Freedom to Pursue Your Passion

Colorado Academy Senior Bela Chaudhuri describes herself as “someone who has a lot of interests and a lot of curiosity, and so I really like to pursue a lot of different things. The reason I’ve been able to continue to do so as I’ve progressed through high school is because CA supports you in doing that.”

Chaudhuri is right about “a lot”: This STEM-focused scholar balances AP-level and post-AP biology and mathematics with Studio Art, Honors creative writing and literature, voice lessons, and a role as a starter on the Varsity Girls Volleyball team.

But what most inspires her at the moment is her independent study in science, CRISPR & Sickle Cell Anemia. “CRISPR is an incredibly cool process that’s central to the direction that science is going in the future,” Chaudhuri explains. The gene-editing technology gives scientists the ability to alter the DNA inside individual cells of plants and animals easily and economically.

According to many, it will likely change the world as we know it by transforming medicine and food production and even altering the course of human evolution.

In the independent study she designed with science teacher and Science Department Chair Suzie Jekel serving as advisor, Chaudhuri is learning firsthand how to edit genes in bacteria such as E. coli and researching ways that CRISPR might be used to cure a devastating blood disorder that affects millions of people worldwide. It’s thought that the technology could correct the genetic mutation that causes sickle cell anemia.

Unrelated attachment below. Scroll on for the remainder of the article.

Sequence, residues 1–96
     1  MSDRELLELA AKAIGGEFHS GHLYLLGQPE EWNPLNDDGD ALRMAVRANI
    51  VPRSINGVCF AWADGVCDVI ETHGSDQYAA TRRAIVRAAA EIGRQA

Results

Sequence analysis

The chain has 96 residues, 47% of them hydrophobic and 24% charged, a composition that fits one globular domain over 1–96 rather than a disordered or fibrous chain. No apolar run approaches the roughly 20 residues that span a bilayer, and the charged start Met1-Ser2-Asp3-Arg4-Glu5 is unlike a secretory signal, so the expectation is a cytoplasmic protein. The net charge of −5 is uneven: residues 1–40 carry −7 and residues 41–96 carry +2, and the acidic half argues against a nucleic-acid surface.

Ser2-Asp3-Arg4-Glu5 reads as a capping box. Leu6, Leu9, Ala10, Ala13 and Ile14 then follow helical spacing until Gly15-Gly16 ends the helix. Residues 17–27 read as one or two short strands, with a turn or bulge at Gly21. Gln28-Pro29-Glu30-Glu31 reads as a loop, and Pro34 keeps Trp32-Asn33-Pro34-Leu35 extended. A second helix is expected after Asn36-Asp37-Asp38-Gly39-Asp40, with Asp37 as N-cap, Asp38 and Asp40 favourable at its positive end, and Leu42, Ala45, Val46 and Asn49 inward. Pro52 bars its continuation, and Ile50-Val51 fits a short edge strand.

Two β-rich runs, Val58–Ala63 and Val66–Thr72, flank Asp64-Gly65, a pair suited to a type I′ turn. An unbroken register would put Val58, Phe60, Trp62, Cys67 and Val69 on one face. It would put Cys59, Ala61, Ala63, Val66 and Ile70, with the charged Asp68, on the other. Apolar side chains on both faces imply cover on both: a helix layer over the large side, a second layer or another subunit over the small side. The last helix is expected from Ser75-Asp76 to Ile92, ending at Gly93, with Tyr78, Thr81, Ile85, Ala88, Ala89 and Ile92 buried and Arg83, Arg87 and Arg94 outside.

According to Chaudhuri, “Part of my interest in pursuing this course was me just exploring something that I’m curious about; another part of it was me preparing myself for my career, since I want to go into scientific research, and I have no doubt that CRISPR is going to be an integral part of that.”

What’s special about studying CRISPR at CA, Chaudhuri goes on, is that she’s been able to draw on much of the other work she’s done in the Upper School—in fields ranging from history to philosophy—to inform her thinking about science.

For example, she relates, in the Gender Studies Honors course her Junior year, she discovered how forces in society have created, regulated, and reinforced gender throughout history. “Considering how male-dominated scientific research has been, it’s interesting to see how that’s now shifting as more women have begun to speak up and gender-nonconforming people have entered the field. Knowing how we got here is essential preparation for anyone going into science.”

That type of cross-disciplinary teaching and learning has been at the heart of her CA experience, says Chaudhuri. “Teachers here are so good about making connections between different classes and areas of study. There’s a lot of back-and-forth between what you’re learning, so that it doesn’t feel like you’re taking six separate courses. It’s like I’m experiencing this giant mass of interconnected knowledge.”

“The whole world is interdisciplinary,” she continues. “Being able to apply what you’re learning in one area to what you’re studying in another is essential to moving forward in life. You’re becoming a more conscientious human, with all the tools you need to navigate the world.”